The Pilgrimage

The Pilgrimage (O Diario Un Mago), Paulo Coelho‘s first official novel, published in 1987, describes his personal journey along the El Camino de Santiago, or The Way of St. James.

In 1986, after failing his spiritual initiation as a Master of the Order of Regnus Agnus Mundi (RAM), Coelho loses confidence in himself and starts to question his beliefs and spiritual learnings. In order to complete his initiation, and to regain his sword – the spiritual object he failed to acquire during his final test, he must walk the Way of St. James, and there seek the thing that he had lost.

The Way of St. James, or the El Camino de Santiago, is an 800+ kilometer road that spans through Northern Spain, starting at Roncesvalles, near the border of France, and ending at Santiago de Compostela, the final resting place of the remains of St. James the Apostle.  Since the Middle Ages, the El Camino has been traveled by religious leaders, kings, and commoners alike, all seeking religious or spiritual enlightenment. Today, pilgrims from all over the world still walk or cycle the Way of St. James for the same religious/spiritual reasons as the pilgrims of yore, but also to fulfill a vow, to set a personal record, or to experience a unique way of seeing the world.

On his quest for his lost sword, Paulo Coelho is guided by a mysterious pilgrim, also from the Order of RAM, whom he refers to only as Petrus. During their travels, Petrus teaches Paulo different RAM meditation exercises designed clear his mind and to strengthen his understanding of himself, and of others.  On his unique adventure, as Paulo confronts his weaknesses, doubts, and personal demons, Petrus teaches him about pride, and the different types of love.

On his path to self-discovery, Paulo not only learns what he needs in order to get his sword back, he also learns how to put his spiritual learnings to practical use. He realizes that his meditation exercises are designed to help him accomplish tasks simply and efficiently, and that wisdom, like the El Camino, is accessible, not only to the enlightened few, but to everybody.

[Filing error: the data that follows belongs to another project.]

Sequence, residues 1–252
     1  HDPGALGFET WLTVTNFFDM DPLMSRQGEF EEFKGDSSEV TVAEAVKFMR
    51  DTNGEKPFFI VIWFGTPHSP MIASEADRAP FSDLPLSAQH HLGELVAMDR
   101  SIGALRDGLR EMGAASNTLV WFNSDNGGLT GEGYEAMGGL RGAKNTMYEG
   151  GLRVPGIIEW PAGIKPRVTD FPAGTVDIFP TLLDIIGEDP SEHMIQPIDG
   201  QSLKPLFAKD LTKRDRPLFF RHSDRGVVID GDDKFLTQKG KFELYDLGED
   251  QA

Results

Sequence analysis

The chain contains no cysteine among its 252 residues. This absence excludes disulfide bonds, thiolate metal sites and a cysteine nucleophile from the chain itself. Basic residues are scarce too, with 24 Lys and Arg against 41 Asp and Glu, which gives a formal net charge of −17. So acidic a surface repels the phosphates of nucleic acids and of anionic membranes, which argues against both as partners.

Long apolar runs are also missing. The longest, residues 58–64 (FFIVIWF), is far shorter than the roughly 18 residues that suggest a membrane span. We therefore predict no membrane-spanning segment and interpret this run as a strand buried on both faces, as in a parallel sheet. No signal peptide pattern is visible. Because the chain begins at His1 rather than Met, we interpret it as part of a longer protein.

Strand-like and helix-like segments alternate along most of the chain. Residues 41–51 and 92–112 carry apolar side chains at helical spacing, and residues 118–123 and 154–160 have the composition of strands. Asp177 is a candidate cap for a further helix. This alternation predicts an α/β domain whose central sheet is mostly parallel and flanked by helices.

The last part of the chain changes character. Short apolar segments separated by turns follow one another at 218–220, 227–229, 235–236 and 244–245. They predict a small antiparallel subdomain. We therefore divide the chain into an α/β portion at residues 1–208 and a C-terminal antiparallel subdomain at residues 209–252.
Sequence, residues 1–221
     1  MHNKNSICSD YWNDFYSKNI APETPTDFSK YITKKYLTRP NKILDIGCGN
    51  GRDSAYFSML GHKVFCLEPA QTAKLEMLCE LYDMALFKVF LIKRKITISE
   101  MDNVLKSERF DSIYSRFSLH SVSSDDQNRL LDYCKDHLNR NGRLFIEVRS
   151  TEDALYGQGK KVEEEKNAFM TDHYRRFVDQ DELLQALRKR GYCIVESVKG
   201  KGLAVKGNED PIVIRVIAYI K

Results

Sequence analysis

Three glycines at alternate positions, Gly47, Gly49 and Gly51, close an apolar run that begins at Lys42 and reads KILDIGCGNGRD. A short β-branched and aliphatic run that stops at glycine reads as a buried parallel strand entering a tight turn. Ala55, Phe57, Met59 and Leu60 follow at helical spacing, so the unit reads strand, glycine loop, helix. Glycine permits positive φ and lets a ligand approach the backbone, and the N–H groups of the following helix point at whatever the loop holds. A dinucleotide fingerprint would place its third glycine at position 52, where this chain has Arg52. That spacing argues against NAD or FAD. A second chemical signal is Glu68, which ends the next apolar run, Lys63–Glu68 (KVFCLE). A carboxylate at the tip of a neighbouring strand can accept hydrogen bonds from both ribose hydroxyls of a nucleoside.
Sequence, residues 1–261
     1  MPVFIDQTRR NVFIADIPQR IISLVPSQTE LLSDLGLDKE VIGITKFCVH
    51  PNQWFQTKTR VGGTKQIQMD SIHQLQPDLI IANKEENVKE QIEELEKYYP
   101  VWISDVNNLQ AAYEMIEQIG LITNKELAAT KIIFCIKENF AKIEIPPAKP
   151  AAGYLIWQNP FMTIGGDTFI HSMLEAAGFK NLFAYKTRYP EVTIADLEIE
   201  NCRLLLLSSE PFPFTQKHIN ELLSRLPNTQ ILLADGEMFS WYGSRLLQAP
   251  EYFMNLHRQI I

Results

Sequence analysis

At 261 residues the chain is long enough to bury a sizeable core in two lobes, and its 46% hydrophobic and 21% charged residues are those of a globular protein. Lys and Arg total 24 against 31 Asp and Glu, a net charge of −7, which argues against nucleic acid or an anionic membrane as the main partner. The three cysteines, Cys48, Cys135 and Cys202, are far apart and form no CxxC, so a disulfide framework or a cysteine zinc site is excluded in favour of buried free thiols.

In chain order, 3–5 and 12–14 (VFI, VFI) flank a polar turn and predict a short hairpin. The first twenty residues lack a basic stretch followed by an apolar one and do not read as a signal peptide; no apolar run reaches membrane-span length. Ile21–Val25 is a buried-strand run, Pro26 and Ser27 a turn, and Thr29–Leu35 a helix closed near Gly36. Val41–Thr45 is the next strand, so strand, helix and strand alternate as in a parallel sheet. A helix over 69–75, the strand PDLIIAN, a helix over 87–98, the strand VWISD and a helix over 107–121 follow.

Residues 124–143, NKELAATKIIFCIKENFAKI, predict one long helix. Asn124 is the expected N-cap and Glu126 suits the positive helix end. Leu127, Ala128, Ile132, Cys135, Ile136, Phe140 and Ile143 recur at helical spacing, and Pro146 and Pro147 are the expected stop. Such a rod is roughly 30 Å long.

While The Pilgrimage describes Paulo Coelho’s real-life pilgrimage on the El Camino de Santiago, it also provides step-by-step guides to different meditation exercises designed to help practitioners find their own path to enlightenment.  The meditation exercises that Paulo learns from Petrus are:

  • The Seed Exercise
  • The Speed Exercise
  • The Cruelty Exercise
  • The Messenger Ritual
  • The Arousal of Intuition (The Water Exercise)
  • The Blue Sphere Exercise
  • The Buried Alive Exercise
  • The RAM Breathing Exercise
  • The Shadows Exercise
  • The Listening Exercise
  • The Dance Exercise

Before I read this novel, apart from it being about the El Camino de Santiago, I really had no idea what it was about. Prior to reading The Prilgrimage,  I didn’t know anything about Paulo Coelho’s personal and spiritual life.  I had not read any of his other novels except for The Alchemist, which I enjoyed, not for its philosophical teachings, but for its simplistic adventure story, so I was caught unawares by The Pilgrimage’s prominent New Age theme.

I’ll admit that had I known what this novel was really about, I probably would not have bothered reading it.  The only reason I was really interested in reading it was because I thought it would be a sort of travelogue about the El Camino de Santiago, which is on my list of “things to do before I die.”  Unfortunately, apart from brief descriptions of the scenery and weather, the novel lacked any practical and detailed descriptions of the actual route, towns and cities along the way, and other essential travel information for modern pilgrims.

Don’t get me wrong, I have nothing against New Age teachings.  I  found the meditation exercises interesting, but I have no desire to try any of them out in order to discover how they can help me in real life situations.  If you are into spiritual enlightenment, self-discovery, and New Age Mysticism, then go ahead and read this book – it might really inspire you.  Personally, I’m not into those kinds of things.  However, if you’re looking for a practical guide about travelling along the El Camino de Santiago, then I suggest you bypass this book and read something else (and please recommend it to me because I still have not found one).


The Pilgrimage (O Diario de Um Mago) (1987) – Paulo Coelho

Harper Collins; 263 pages

Personal rating:  1.5/5


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